Intelligence, intuition and a commitment to rupture were fundamental to the making of the poetics of Amilcar de Castro, Franz Weissmann, Lygia Clark and Lygia Pape, important references for the work of Waltercio Caldas in conceiving body-related spaces, “or rather, looking at a body in movement according to the revolution of purely planar elements”. What Caldas does moves in another direction. Note that the observer does not take part in the action but rather reconstructs subjectively the planar condition of the sculptures and materializes in those geometric solids. The void surfaces , air as volume, the anthropomorphic relation, the mirror as a self-portrait and an element of transference between observer and sculptural material constitute Eureca (Eureka, 2001) as a space to be invented by the multiple possibilities of “body positions”: ours, as observers, and its, the sculpture’s.
Surfaces in movement according to the relation between full and empty spaces, figure and background, horizontal and vertical lines, all this is the motor that drives Lygia Pape’s work. Recalling the debate on painting, minimalism and graphic and pictorial illusion of the grid that filled the 1950s and 1960s, Pape goes further: her interest, besides expanding the formal and structural characteristics of drawing and painting – she singularly builds a kinetic space on the plane – is to commit to the body. To stimulate, speculate, invent an organism within geometric space. Her line is light, body, material. With her peculiar economy of methods, slowly she performs an action, a method for the appearance of a line that converts to desire, action and freedom of the plane. So, she wants to become body.
It is interesting to realize how much this debate on the graphic and illusory operation of the plane is continued in a more recent generation of artists, as is the case of Carolina Martinez. Working with a sort of shadow and light of wood, Martinez creates spaces of color and fields of light (as well as their absence) by combining a set of shapes and spaces that convert now into windows now into horizons, in this way creating strong ties with pictorial art. And all this is obedient to precise elements.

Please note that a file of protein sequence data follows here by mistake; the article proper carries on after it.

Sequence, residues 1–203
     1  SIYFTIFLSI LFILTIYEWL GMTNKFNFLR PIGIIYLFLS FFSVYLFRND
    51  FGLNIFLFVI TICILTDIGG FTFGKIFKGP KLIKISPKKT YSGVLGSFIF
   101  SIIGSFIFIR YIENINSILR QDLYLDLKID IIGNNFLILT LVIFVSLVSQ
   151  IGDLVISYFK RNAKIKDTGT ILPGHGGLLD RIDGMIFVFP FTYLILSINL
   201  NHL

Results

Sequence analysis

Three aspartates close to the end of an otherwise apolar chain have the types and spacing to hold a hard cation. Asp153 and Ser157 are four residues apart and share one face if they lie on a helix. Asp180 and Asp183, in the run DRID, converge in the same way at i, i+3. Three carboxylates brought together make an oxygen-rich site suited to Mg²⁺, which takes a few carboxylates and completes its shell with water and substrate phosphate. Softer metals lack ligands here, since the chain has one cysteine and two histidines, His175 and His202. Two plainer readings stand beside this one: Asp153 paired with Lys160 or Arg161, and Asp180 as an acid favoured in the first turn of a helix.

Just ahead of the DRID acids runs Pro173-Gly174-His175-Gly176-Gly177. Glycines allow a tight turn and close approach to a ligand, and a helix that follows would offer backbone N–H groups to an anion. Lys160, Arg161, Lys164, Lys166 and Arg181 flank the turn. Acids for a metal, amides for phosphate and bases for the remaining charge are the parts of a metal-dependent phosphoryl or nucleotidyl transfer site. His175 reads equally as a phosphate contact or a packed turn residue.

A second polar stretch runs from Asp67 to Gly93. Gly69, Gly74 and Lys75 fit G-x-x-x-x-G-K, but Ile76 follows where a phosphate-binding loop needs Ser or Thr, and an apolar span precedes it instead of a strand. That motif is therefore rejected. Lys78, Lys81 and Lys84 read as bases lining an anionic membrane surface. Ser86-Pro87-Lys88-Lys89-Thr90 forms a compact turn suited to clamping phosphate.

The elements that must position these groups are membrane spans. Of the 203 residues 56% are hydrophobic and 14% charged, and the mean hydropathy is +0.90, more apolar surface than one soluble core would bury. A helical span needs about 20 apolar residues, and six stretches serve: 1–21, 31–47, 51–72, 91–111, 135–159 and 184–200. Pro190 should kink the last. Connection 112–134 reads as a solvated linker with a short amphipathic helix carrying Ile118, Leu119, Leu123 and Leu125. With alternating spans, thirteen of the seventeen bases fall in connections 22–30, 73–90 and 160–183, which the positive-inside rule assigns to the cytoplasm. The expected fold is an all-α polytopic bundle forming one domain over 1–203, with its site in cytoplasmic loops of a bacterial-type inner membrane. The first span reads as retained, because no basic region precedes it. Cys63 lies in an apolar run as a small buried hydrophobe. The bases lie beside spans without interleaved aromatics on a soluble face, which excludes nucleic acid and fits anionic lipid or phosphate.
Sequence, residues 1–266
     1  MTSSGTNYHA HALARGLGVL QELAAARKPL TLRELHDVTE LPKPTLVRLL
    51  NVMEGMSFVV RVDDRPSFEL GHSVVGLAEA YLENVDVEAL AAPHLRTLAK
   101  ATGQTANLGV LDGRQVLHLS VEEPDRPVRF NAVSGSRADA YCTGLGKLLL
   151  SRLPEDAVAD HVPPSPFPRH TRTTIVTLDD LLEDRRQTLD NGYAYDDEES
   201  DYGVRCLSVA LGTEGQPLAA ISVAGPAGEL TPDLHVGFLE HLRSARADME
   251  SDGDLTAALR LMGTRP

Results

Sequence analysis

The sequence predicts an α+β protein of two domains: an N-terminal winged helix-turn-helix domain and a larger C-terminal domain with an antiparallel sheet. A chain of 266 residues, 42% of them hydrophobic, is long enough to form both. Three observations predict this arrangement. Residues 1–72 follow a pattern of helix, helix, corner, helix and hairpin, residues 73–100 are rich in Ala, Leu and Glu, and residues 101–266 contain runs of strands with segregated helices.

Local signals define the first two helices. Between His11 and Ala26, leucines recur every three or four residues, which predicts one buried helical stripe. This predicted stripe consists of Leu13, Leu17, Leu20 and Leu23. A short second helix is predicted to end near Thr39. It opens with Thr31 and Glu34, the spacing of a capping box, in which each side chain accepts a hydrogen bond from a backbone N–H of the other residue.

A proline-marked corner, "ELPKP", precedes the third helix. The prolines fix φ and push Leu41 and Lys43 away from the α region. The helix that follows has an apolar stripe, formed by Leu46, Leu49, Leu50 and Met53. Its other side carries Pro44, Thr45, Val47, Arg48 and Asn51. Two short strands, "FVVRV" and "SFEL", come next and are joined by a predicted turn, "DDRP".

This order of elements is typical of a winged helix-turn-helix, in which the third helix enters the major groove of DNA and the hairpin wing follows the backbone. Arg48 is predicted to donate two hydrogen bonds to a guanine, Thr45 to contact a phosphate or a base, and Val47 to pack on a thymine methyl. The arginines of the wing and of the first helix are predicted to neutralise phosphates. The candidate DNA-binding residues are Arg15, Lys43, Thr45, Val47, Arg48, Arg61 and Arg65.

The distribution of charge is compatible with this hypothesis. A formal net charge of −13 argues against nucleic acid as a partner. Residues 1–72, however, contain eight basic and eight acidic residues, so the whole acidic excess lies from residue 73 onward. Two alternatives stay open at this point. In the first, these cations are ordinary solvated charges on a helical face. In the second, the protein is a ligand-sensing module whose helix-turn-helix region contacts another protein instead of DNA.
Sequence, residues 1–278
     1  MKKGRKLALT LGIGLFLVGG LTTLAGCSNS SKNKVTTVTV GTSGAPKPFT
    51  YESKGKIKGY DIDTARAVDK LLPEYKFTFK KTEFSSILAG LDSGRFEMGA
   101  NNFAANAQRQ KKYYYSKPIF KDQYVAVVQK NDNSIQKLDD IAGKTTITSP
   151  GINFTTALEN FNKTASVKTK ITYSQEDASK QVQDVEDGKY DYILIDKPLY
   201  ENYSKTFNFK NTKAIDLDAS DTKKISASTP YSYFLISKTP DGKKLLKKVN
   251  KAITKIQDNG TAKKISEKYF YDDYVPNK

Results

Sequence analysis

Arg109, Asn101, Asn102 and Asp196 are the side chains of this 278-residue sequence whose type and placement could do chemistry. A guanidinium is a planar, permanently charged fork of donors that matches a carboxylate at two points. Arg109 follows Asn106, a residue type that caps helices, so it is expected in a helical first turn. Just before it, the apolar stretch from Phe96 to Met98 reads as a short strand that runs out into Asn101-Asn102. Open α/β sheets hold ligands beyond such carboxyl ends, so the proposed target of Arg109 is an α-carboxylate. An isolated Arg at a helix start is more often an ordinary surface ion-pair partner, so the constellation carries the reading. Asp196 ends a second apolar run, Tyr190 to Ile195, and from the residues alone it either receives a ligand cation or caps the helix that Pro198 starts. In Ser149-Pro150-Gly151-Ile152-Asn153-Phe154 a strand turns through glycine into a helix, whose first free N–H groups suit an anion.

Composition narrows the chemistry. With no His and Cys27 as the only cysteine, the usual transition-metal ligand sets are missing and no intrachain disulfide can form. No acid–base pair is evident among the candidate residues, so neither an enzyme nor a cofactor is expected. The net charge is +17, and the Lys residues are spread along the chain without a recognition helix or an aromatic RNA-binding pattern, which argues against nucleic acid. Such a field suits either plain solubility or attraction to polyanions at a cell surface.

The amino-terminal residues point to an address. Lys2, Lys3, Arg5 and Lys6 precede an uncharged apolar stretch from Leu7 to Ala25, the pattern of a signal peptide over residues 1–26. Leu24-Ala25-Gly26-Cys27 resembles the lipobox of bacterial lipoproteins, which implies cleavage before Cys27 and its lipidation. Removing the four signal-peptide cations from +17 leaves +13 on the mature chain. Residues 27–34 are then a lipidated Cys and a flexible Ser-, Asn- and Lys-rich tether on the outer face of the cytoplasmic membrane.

In the works presented by Isa Genzken and Otavio Schipper, where sound plays a special part, dialogue is held via its negative, in other words, by the action of obstructing sound and evoking its (supposed) silence. What exists, or rather, what is expanded through space, is the image of sound, that is to say, the very different suppositions we can entertain concerning which sound could be heard if whatever is preventing it (a piece of concrete, some welding) were loosened or reinterpreted. So the sound is noticed through its shape, but our expectation of the happening is denied by the silence. The impossibility of the sound converting into audition does not necessarily constitute a drama or a failure, but rather a phenomenon that enables us to create innumerable metaphors for what can be defined as sound. To paraphrase John Cage’s notion that silence does not exist and therefore cannot be reduced to an acoustic-musical question, these two works do not affirm a final, definitive meaning for silence; on the contrary, since they show their opening, complexity and multiplicity and point finally to the fact that silence and sound are in a constant process of mutation and interpenetration.
From the perspective of the time in which we live, in overlapping images where excess also reveals a flooding of useless data and trivialized image (at drift in a world where it does not know if it is an advertisement or a work of art), the works shown in this exhibit operate precisely against such automatization. Taking Mira Schendel’s monotypes as a powerful compass for the discussion, these works arouse another way of perceiving the world, creating an alphabet characterized not by the pragmatism now expected of it but rather from the focus of poetry, delicacy and to a substantial extent a relation of opposites (full and empty, inside and outside, black and white, straight and twisted) considered as the synthesis of the human condition. An alphabet that constantly needs to be deciphered, for it is never complete, and it is precisely this exercise of endless discovery that “deletes” it from its “original function” and converts these works into a quiet, slow and powerful discourse on how to see and feel the world. The lines of Schendel’s monotypes, constantly changing into plastic ideograms and images, are to be interpreted in the light of the very vicissitudes of life. There lies the drama, and the laughter, the silence, life, the end. All this contained in an austerity that surprises in its magic.
To close, this assembly of works should not be considered as a testament of an age, but rather as a commitment to life. These are not “dated” or “historic” works: they possess a life and time of their own, and their purpose is to form new ways of looking at the world.